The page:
For example, our neighbors love to park in front of our driveway on the other side of the street. But when we ask or tell them to move, or when others do that on our behalf, they just use obscenities at us and ignore us.

One doesn’t get to choose their neighbors, and you might have picked the short stick on that one. If conversation fails or just isn’t an option, then it’s time to send a more decisive message, if your local law enforcement is on your side. Some aren’t and this is where you’re going to have issues.

Putting up traffic cones and marking the spot.

Use Traffic Cones Judiciously

You can start by putting up traffic cones across your parking area. A sign can also work, but it can be easier to ignore, but there’s no way around a traffic cone. If your neighbor still wants to park in your spot, they will have to get out of their car and remove them.

Simple traffic cones might not seem like much, but even a small inconvenience like that one can be enough to make someone look for another place to park.

Putting up traffic cones can also help you have the upper hand in discussion with your neighbor.

Let’s suppose that your neighbor is one of those people that like to play dumb and act as if they didn’t realize what they were doing. Moving traffic cones makes their intentions clear for everyone, and it will be harder for them to keep up the charade.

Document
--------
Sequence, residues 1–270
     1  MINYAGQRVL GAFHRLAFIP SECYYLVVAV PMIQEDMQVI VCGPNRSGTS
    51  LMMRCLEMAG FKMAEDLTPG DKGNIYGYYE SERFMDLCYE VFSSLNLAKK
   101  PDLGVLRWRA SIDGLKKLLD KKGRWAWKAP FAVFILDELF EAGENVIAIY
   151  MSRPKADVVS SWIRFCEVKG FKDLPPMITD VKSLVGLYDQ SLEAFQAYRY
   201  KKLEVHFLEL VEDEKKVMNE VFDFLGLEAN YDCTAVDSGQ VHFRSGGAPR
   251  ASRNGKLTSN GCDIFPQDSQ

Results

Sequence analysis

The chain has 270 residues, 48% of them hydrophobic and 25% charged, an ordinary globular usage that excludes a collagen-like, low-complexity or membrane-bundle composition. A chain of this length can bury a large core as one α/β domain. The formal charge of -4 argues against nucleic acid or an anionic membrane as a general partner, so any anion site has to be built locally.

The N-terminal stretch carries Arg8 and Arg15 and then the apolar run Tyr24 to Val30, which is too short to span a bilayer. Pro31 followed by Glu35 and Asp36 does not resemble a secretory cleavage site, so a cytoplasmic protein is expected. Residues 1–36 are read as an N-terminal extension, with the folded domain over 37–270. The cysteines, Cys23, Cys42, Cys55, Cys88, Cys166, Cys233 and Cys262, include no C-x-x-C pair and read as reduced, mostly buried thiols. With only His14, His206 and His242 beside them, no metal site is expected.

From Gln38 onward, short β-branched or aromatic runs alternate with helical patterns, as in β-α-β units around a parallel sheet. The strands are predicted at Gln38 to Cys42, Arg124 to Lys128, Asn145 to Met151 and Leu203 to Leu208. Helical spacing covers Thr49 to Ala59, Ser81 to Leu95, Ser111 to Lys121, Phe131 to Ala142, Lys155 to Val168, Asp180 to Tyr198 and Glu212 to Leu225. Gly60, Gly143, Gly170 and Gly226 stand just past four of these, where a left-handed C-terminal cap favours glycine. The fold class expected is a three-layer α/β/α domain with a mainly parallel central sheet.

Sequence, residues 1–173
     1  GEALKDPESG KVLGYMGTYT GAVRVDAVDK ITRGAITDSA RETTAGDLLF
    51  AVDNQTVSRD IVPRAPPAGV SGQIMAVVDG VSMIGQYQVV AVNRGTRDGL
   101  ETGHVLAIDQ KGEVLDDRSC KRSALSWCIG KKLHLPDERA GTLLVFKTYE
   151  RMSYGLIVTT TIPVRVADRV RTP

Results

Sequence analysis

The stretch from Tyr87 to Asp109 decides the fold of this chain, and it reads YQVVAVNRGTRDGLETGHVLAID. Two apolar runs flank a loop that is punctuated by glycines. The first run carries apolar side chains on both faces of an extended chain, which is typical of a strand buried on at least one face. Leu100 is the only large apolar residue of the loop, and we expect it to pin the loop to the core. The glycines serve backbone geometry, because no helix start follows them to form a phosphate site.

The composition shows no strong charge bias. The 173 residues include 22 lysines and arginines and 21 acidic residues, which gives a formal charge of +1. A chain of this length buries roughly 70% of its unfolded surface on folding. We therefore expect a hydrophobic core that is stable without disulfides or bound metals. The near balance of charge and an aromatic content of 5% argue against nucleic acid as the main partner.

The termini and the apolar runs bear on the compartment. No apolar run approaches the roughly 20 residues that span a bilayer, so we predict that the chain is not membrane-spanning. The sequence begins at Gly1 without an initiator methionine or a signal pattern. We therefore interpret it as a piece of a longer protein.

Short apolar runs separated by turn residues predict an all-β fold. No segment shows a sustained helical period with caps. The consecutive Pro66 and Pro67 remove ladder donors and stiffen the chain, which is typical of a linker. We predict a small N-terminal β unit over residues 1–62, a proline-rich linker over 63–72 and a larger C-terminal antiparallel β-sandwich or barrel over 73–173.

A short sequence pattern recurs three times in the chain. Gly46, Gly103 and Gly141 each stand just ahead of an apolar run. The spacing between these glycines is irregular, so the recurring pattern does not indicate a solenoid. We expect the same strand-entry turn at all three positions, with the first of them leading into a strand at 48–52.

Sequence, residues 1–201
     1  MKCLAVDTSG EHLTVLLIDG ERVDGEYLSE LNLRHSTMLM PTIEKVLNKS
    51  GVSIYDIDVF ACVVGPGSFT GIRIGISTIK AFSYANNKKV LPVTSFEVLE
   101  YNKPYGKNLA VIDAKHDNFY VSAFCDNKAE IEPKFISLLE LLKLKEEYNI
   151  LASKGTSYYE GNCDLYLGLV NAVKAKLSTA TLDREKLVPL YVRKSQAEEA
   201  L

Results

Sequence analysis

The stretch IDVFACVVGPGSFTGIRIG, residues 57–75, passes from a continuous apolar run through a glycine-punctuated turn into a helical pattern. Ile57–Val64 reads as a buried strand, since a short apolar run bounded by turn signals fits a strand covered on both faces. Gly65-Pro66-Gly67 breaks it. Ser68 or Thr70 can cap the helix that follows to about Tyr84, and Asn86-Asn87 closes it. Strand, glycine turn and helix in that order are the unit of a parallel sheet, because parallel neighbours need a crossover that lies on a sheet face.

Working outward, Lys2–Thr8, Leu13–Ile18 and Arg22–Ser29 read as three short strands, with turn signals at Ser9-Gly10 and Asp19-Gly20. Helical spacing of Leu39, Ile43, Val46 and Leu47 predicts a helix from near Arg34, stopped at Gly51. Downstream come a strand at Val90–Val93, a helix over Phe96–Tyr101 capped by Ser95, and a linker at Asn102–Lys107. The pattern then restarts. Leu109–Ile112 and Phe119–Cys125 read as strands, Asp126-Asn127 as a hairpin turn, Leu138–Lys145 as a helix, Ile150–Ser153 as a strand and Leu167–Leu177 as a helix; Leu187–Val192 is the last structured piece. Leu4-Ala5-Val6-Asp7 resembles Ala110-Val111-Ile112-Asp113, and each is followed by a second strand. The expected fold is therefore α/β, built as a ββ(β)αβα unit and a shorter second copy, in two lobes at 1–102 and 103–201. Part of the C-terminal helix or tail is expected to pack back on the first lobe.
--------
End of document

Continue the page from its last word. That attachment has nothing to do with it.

There’s an obvious downside to this option, as you’ll have to deal with moving cones in and out of the street when you or a friend wants to park there. There’s also the expense of buying traffic cones.

If you don’t want to worry about handling traffic cones or your neighbor still doesn’t get the clue, try the next option.

Mark Your Spot With Paint

This one will require some work at first, but it can add another layer to your message.

You might be able to find some old yellow paint and a brush, but if you don’t have any, you can buy a can of Rustoleum. This model comes in high-visibility yellow, making it perfect for streets. Use the paint to delineate your parking spot.

You can write something like “private parking” inside it or draw a series of diagonal stripes.

People are more hesitant to park in places that clearly say they shouldn’t park in. Many neighbors will rather just look for a different spot instead of visibly breaking a rule, even if it’s a rule you’re kind of making up.

However, if the neighbor that parks in front of your house is the persistent type, you might have to be even more insistent on delivering your message.

Check if Your Street Is Public or Private Before Putting Up Traffic Cones